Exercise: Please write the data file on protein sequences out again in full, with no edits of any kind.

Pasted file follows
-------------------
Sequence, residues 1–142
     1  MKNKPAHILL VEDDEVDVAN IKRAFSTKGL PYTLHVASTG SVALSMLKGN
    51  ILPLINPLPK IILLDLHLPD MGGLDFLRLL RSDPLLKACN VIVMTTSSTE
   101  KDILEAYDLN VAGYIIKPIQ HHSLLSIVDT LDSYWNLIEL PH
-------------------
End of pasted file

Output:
Sequence, residues 1–142
     1  MKNKPAHILL VEDDEVDVAN IKRAFSTKGL PYTLHVASTG SVALSMLKGN
    51  ILPLINPLPK IILLDLHLPD MGGLDFLRLL RSDPLLKACN VIVMTTSSTE
   101  KDILEAYDLN VAGYIIKPIQ HHSLLSIVDT LDSYWNLIEL PH